What's the most powerful political institution in Germany right now? It's not Chancellor Gerhard Schröder's Social Democratic Party (SPD), which was humiliated in state elections last week in Hesse and Lower Saxony (Schröder's home state). And it's not the rival Christian Democratic Union (CDU), which despite its gains hasn't yet come up with a coherent plan for economic reform. No, the organization with the most clout these days is an obscure legislative group called the Mediation Committee. Meeting in a soundproof Berlin conference room with no natural light it's referred to as the Dark Room by pundits this secretive political council hammers out agreements on legislation that has been adopted by the lower house of parliament, the Bundestag, but rejected by the upper house, the Bundesrat.
While the SPD won control of the Bundestag in September, last week's elections gave the CDU increased power over the Bundesrat. That means almost every new piece of legislation must be negotiated by the Mediation Committee whose 32 members, drawn from both houses of parliament, are now evenly divided between the SPD and the CDU before it becomes law. The new reality of legislative logjam means the two leading parties will have to cooperate, at least informally, or nothing will be accomplished. "There will be a de facto grand coalition constituted in the Mediation Committee," says Peter Lösche, a political scientist at the University of Göttingen.
Grand coalitions are extremely rare in German politics, and both the SPD and the CDU explicitly ruled out such an arrangement after last September's parliamentary elections. But the stakes are too high to reject cooperation now. Unless Germany reforms its economy, the country risks falling into a Japanese-style slump of little or no growth and a downward spiral of deflation.
An early casualty of this forced coalition will be Schröder's proposed new taxes including increased levies on company cars and dog food designed to help close an j18 billion budget deficit. "Most of these taxes are now dead," says Holger Schmieding, European economist at the Bank of America, since the CDU campaigned hard on its opposition to Schröder's tax plans. Although the lack of new taxes will make it harder for Germany to keep its deficit under the 3% of GDP limit allowed by the E.U., scrapping the new levies could boost the economy by leaving more money in the hands of consumers.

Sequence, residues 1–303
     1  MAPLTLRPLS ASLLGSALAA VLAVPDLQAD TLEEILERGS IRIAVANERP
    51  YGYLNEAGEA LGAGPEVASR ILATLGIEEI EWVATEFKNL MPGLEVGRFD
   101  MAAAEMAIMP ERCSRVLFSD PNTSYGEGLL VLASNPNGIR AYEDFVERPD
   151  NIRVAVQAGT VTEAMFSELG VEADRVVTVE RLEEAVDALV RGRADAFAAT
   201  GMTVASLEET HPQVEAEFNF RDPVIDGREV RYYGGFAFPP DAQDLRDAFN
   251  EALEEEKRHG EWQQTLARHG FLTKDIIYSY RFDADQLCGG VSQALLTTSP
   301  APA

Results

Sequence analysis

But the Mediation Committee won't be all bad news for Schröder. While it stymies his tax plans, it may also give him political cover and an excuse to push ahead with reforms of the labor market, health-care provision and the creaky state pension system that his own left wing has been blocking. Changes in these areas "are going to go ahead even more aggressively than they did in the past," says Lösche, because the CDU, which favors more sweeping measures than Schröder's party does, will be able to use its legislative veto to bargain for deeper reforms.
That kind of progress will be scant comfort for Schröder. "The SPD has experienced one of the bitterest defeats that I have seen in my political life," the stunned Chancellor told a press conference. "I have to carry this responsibility." Schröder said his big mistake was not adequately explaining his reform ideas. But his bigger mistake was breaking his promise of no new taxes in the election campaign; when he went back on his word, voters punished him.
Schröder still faces heavy criticism from his party's left wing, led by Oskar Lafontaine, who resigned as Finance Minister during Schröder's first term due to you guessed it disagreement over the need for reforms. Lafontaine argues that the SPD was defeated because it was not socialist enough. "It's called neoliberalism wrapped in red cotton wool," Lafontaine wrote in the Bild tabloid. "The reason for the disaster of my party is the policy it has pursued since 1999." The left wing's position has been greatly weakened since the election, though, because the need to appease the CDU will force the SPD to adopt more conservative policies.
The election aftermath has done nothing to improve Schröder's image with voters. A Forsa poll last week showed that 69% of those surveyed had little confidence Schröder could steer the country in the right direction. The only point he and his public seem to agree on these days is their mutual opposition to a U.S.-led war in Iraq. That's one position that Germany's new political reality isn't about to change. Just about everything else these days seems up for grabs and in the hands of the Mediation Committee.